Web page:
When the baby is enclosed in a sealed sac there is little chance of the fetus catching an infection from bugs that either live in the mother’s vagina or have ascended from the outside, up the vagina through the cervix. The membranes form an effective barrier from ascending infection. Once there is a hole in the sac the risk of infection is increased. Some women carry infections such as Group B streptococcus (group B strep) which can be harmful to the baby.

There is also a very small risk of cord prolapse. If the baby’s head (or bottom) is ill-fitting, the cord may fall down beside or below the head and become squashed, reducing the blood supply to the baby.

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What usually happens after pre labour SRM?

When the membranes rupture prior to labour, after 37 weeks of pregnancy, most women will go into labour spontaneously:

  • 86% of women will labour within 12 – 23 hours
  • 91% will labour within 24 – 47 hours
  • 94% will labour within 48 – 95 hours
  • 6% of women will not be in spontaneous labour within 96 hours of PROM.

Most maternity units therefore practise what is called ‘expectant management’. The mother is asked to wait either at home or in the unit for 24-48 hours to ‘see what happens’, knowing that the majority of women will start to labour without any further intervention. During this time they will be asked to report back if the colour of the fluid changes or they feel unwell.

After this time most units would encourage induction of labour as the longer the time interval of ruptured membranes, the higher the risk of infection.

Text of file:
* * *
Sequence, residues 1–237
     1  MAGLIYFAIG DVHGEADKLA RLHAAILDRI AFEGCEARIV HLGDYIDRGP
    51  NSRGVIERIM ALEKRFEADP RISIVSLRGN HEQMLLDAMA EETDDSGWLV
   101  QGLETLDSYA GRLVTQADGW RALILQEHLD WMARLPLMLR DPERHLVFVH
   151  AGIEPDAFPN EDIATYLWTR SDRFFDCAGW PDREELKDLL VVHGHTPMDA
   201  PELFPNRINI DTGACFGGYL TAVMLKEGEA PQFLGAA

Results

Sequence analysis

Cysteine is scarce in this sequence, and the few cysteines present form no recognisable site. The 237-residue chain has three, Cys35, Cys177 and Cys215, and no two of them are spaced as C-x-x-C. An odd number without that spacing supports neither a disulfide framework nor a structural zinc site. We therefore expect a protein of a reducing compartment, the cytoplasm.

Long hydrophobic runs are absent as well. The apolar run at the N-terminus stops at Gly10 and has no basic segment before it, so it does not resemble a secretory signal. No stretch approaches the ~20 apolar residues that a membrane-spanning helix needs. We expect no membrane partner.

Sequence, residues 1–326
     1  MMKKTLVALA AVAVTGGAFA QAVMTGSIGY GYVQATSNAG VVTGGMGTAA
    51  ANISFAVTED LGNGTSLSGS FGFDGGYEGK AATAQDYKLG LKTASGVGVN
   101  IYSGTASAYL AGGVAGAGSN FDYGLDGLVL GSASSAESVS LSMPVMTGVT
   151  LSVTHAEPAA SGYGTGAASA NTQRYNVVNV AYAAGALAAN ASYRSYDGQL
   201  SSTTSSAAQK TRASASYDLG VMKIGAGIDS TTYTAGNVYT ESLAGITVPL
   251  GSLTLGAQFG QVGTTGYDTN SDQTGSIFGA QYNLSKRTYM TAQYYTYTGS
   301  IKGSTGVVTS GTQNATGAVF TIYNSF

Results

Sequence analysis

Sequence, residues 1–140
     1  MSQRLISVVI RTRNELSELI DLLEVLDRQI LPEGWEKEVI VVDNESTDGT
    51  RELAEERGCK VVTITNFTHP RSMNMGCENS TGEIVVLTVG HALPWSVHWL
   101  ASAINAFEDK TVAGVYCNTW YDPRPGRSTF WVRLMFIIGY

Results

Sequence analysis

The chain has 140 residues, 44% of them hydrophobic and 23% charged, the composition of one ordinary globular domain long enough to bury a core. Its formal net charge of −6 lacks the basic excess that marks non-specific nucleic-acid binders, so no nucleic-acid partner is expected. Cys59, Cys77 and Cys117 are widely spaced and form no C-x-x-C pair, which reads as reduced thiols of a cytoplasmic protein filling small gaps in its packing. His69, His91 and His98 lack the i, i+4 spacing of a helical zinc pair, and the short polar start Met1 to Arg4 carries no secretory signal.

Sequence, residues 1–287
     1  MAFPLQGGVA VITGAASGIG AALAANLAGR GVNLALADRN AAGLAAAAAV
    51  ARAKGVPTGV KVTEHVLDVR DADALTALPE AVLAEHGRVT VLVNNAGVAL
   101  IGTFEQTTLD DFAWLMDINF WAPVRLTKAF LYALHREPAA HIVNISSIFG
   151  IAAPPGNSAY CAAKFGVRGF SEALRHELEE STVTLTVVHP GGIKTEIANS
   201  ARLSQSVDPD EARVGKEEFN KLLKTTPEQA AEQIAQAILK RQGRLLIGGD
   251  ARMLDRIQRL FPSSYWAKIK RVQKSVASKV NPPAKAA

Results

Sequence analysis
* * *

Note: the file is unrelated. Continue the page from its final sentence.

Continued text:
In addition to this most maternity units also encourage antibiotics for prolonged rupture of membranes, after varying lengths of time, depending upon research evidence and local policies. These are usually given orally before labour and intravenously during labour, to reduce the risk of infection.

Some units also give the mother the choice of immediate induction of labour after SRM. Whilst this is done to reduce the risks of infection, it is important to acknowledge the risks of intervention and failed induction which could result in Caesarean section.

What is preterm pre labour rupture of membranes?

This occurs to rupture of the membranes before 37 weeks of pregnancy, prior to labour commencing. As the baby is not yet fully grown and ready to be born this may be managed differently. There are many different scenarios depending upon:

  • The length of your pregnancy (gestation)
  • The growth of the baby so far
  • The condition of the baby at the moment
  • Any other medical or pregnancy related factors.

It is possible that preterm pre labour SRM would be treated with any or a combination of the following:

  • Expectant management
  • Antibiotics
  • Steroid therapy, in the form of injections for the mother, to mature the bay’s lungs
  • Transfer to a large maternity unit
  • Immediate delivery

Your maternity health professionals will explain your options and advise you of the safest course of action.

Contact your LMC or other maternity health professional if you suspect that your membranes have ruptured at any time in pregnancy.

Useful articles

To read more about Induction of Labour, visit our informative Kiwi Families article

To understand more about the process of Normal Birth, click here

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Paula Skelton is a qualified NZ nurse and midwife, a midwifery & childbirth educator and the mum of three lovely girls.